Anyone who has pets knows how happy they make you. But did you know that pets can also make and keep you healthy? Over the last two decades, multiple scientific studies throughout the world have confirmed the powerful positive effects that pets can have on our health — both physically and emotionally. A wagging tail and a cold wet nose may, in fact, be the best medicine there is.

This week’s column will focus on the many ways having a pet can benefit your physical health. Next week, we’ll discuss the important role pets play in our mental and emotional health.

From the National Institute of Health to the American Heart Association to the National Centre for Health Research, studies prove that pets can:


Lower your blood pressure

The simple act of petting an animal reduces your blood pressure by boosting levels of the hormone oxytocin. Pet owners generally have lower blood pressure than those who do not own pets.


Reduce the risk of heart attack and stroke

Pet owners have decreased cholesterol and triglyceride levels, minimizing the risk of heart attack. They are also more likely than other coronary patients to be alive one year after a heart attack, with dog owners five times more likely. Cat owners are 33-40 per cent less likely to suffer a heart attack or stroke than those who don’t own one. One study found that having a cat was actually more effective at lowering cholesterol than prescription medications.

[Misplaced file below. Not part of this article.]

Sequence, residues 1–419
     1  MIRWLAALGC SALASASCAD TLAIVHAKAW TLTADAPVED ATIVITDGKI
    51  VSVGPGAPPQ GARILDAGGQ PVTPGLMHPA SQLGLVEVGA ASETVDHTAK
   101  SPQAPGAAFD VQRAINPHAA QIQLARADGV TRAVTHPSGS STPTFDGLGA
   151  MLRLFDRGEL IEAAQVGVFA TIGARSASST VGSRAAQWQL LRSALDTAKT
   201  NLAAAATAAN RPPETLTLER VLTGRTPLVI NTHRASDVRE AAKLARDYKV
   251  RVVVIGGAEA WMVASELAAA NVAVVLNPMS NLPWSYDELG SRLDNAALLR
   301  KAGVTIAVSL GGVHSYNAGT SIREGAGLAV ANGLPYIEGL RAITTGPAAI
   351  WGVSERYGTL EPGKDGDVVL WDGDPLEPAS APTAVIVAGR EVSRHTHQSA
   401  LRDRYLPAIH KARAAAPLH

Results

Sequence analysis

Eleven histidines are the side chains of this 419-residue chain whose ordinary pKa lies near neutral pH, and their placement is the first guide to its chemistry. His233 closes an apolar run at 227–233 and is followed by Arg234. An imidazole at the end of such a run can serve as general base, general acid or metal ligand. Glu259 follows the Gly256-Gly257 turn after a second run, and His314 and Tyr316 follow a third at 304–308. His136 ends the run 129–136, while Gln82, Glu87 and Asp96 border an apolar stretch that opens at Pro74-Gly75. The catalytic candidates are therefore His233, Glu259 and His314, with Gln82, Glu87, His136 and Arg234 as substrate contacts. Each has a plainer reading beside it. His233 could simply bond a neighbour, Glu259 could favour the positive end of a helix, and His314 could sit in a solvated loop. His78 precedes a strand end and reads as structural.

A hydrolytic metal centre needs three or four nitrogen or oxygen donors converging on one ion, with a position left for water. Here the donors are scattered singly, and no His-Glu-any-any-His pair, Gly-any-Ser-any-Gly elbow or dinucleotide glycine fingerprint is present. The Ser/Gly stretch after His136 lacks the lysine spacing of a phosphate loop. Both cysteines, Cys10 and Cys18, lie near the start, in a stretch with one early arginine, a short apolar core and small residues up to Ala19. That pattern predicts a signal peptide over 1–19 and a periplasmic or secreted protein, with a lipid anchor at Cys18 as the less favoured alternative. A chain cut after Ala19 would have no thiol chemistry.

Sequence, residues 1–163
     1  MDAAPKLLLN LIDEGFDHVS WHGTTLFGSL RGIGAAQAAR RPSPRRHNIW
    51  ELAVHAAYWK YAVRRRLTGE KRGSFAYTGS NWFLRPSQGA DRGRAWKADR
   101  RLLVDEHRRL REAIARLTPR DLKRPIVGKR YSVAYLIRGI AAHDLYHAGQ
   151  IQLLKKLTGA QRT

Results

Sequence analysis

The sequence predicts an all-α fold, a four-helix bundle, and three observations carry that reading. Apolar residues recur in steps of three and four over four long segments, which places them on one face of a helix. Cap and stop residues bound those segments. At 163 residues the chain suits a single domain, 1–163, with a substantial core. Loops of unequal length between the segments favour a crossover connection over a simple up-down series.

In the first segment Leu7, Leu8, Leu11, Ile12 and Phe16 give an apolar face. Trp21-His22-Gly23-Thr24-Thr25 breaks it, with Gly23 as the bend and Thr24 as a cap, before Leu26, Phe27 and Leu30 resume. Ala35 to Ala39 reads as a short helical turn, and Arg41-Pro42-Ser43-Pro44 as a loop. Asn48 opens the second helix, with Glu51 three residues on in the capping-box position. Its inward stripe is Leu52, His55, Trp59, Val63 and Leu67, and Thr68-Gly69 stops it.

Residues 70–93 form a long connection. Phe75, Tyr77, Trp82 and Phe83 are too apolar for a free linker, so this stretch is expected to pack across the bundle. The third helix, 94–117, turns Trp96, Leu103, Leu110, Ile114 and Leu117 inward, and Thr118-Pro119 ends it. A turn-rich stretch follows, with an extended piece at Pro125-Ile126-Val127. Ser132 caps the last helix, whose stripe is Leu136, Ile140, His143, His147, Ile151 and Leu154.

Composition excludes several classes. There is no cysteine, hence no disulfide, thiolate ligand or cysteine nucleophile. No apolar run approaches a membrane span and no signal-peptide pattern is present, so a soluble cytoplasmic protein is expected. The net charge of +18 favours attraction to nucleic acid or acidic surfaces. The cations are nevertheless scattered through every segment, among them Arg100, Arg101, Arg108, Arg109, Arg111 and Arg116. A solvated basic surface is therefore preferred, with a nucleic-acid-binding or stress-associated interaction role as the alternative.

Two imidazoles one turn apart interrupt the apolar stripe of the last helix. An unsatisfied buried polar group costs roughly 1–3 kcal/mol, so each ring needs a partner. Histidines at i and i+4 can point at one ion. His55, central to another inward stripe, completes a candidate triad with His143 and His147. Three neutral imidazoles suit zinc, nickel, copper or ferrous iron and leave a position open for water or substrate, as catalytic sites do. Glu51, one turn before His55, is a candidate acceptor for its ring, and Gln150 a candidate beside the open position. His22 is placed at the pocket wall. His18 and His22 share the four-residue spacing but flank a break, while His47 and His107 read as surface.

Strengthen your immune system

The happiness your pet gives you is a natural immune system booster. On a chemical level, owning a pet can decrease levels of the stress hormone cortisol that can weaken your body. It can also significantly improve the release of protective antibodies, such as immunoglobulin A, that bolster the immune system.


Lessen allergy risks for kids

Children who live with dogs and cats, particularly during infancy, have a reduced risk of developing allergies later in life to pets and other allergens including dust mites, grass and wool. One study showed that having a pet dog can cut your child’s risk of asthma by 15 per cent.


Make healthy lifestyle changes

Pets encourage physical activity. Dogs need regular walks. Their owners are far more likely to meet their daily exercise needs than non-owners and are better able to lose weight. Dogs can provide support to their owners akin to a human exercise pal and with more consistency. Cats need exercise and playtime, integral components of a healthy lifestyle.


Help to heal muscle and bone injuries

Higher oxytocin levels produced from caressing your pet enhance the body’s state of readiness to heal and to grow new cells. A cat’s purr ranges from 20-140 hertz, the same frequency range at which bones and muscles grow best and repair themselves.


Have fewer health care absences and visits

People who have a pet typically miss less work, make fewer visits to the doctor and have fewer hospital stays than non-pet owners. Hospital patients visited by therapy dogs and cats report less pain, anxiety, fatigue and depression. And it’s not just the ill person who reaps the benefits. Friends and family members who are present during the animal’s visit say they feel better, too.

Research emphasizes that having a pet will provide health benefits only to people who love and appreciate them and can dedicate the time and money need to keep them healthy and happy. To those people: on these cold winter days, curl up with your furry friend and your favourite book. Your body will thank you for it.